Cannabidiol (CBD) research and cannabis research, in general, is going through an incredibly exciting phase. Decades of prohibition meant that scientific progress on this most intriguing of plants essentially stalled, but after a long wait, researchers are now making huge leaps. This has undoubtedly been helped by the new technology that scientists now have at their disposal.
Even during the years where cannabis was banned pretty much worldwide and its therapeutic potential was totally ignored by governments and major international bodies, two vital discoveries about the plant were made. In the 1960s, we started to get a sense of the herb’s chemical makeup, and the effects of CBD and tetrahydrocannabinol (THC) in their isolated form – it goes without saying that these are the two most important compounds present in cannabis. This also showed us that single components of cannabis could be used as medicine, rather than the entire plant, which opened the door for the non-psychoactive CBD options which have emerged in recent times.
And then, in the early 1990s, our understanding of why marijuana can be therapeutic was enhanced with the uncovering of the endocannabinoid system (ECS).
Now that we know where cannabinoids have their biggest impact, scientists can conduct more targeted research, building on our previously vague knowledge of their psychopharmacology and medicinal value. This has already proven crucial for the development of treatments for severe, life-threatening conditions, including refractory epilepsy in children, many of whom can be helped immeasurably by CBD oil wholesale products.
However, with the ECS working to maintain our mental wellbeing, immune system functioning, reproductive health, bone health and more, the past two decades of research into CBD has likely only scratched the surface into what the compound can be used for. Here’s a look at what the next 20 years may bring.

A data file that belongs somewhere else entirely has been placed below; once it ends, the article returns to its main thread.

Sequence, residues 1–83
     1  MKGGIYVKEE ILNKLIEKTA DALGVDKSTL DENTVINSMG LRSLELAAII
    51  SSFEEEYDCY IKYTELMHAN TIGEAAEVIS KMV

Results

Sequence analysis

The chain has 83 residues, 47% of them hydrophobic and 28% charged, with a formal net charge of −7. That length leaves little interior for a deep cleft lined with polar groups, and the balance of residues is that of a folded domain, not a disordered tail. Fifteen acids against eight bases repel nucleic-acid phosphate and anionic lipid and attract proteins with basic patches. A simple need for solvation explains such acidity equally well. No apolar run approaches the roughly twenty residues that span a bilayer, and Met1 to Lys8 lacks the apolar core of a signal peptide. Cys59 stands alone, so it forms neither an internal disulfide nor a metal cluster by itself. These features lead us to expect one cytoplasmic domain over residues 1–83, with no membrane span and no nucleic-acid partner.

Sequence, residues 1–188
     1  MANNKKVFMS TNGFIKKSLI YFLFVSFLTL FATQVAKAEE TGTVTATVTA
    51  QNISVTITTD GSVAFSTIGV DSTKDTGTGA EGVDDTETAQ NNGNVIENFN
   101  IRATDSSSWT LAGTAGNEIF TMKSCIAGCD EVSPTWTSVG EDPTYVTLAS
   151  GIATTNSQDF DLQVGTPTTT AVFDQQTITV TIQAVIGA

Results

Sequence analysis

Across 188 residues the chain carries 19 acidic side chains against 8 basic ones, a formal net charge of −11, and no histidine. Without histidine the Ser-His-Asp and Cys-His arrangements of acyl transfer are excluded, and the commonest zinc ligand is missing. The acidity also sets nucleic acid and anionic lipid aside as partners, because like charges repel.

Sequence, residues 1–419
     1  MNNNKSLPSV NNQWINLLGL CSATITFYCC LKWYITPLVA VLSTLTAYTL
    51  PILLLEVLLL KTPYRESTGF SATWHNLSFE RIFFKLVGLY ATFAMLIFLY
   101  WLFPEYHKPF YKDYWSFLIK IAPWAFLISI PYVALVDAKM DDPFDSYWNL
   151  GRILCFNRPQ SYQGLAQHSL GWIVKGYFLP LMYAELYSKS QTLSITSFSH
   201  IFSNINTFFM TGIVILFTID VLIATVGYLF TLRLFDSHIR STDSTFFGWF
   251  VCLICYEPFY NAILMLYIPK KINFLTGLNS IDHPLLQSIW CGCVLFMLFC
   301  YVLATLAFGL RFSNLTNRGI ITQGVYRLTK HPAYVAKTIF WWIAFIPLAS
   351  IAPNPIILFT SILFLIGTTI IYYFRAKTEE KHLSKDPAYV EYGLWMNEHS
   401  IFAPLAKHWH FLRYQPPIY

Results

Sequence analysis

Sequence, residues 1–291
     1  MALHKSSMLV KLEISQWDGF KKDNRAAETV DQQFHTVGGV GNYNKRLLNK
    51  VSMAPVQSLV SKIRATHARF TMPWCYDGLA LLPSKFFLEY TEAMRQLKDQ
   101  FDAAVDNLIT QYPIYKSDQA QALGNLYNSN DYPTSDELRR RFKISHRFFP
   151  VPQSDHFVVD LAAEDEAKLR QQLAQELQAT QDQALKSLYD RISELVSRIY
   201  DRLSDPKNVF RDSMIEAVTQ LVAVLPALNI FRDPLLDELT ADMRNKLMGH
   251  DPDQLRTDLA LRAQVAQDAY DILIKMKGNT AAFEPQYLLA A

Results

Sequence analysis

CBD: a safer anti-inflammatory drug?
Inflammation is a double-edged sword. Without it, our bodies could be struck down by the most common and insignificant of external threats. But when our immune system goes into overdrive too often and too intensely, the body essentially commits an act of self-sabotage, damaging organs and tissues, and leaving us with notorious autoimmune diseases, such as rheumatoid arthritis and psoriasis.
Therefore, anti-inflammatory drugs are as common as any that you’ll find over-the-counter, or prescribed by your doctor. The downside with the most-used class of these, non-steroidal anti-inflammatories (NSAIDs), is that the side effects of these drugs can be pretty nasty. The increased risk of stomach bleeding and ulcers is generally regarded as the biggest threat, but NSAIDs have also been linked to liver or kidney problems, allergic reactions, and headaches.
The search for a new, safer anti-inflammatory has led some researchers to cannabis, and particularly CBD. With no psychoactive properties, CBD can theoretically be used by patients of all ages and health conditions. Intriguingly, it looks as if CBD can control the body’s inflammatory response by initiating a reaction through the ECS, and specifically cannabinoid receptor 2 (CB2).
When CBD is in the bloodstream, the breakdown of an endocannabinoid known as anandamide is stalled, providing a boost for the ECS. Anandamide is a CB2 receptor agonist and can be used to send mediating signals to the immune system, which stops the proliferation of pro-inflammatory cytokines. Anandamide fulfilling this role is key since CBD is not a CB2 receptor agonist. Therefore, CBD is an indirect anti-inflammatory. In contrast, THC can trigger activity at the CB2 receptor, but the psychoactive effects mean that it’s not a palatable treatment for all, and is more difficult to get approved as a medicine.
Clinical Endocannabinoid Deficiency (CECD)
The prospect of illnesses being caused by a deficient ECS would obviously have been inconceivable before we knew that the ECS existed! But now that we do, and have an idea of its huge role, it’s important that researchers explore what could happen if the system is not working as it should.
And that is what the scientists studying ‘Clinical Endocannabinoid Deficiency (CECD)’ have been doing since the turn of the millennium. And they have found that both migraines and fibromyalgia could be caused by dysregulation in the ECS, as well as several inflammatory conditions. That cannabis was used in the 19th century to treat migraines is now being shown to be a wise decision.
With wholesale CBD products so effective at restoring the ECS, patients with the aforementioned conditions may be about to enjoy major relief from their ailments. This would be a tremendous breakthrough, considering that the causes of migraines and fibromyalgia are still officially unknown.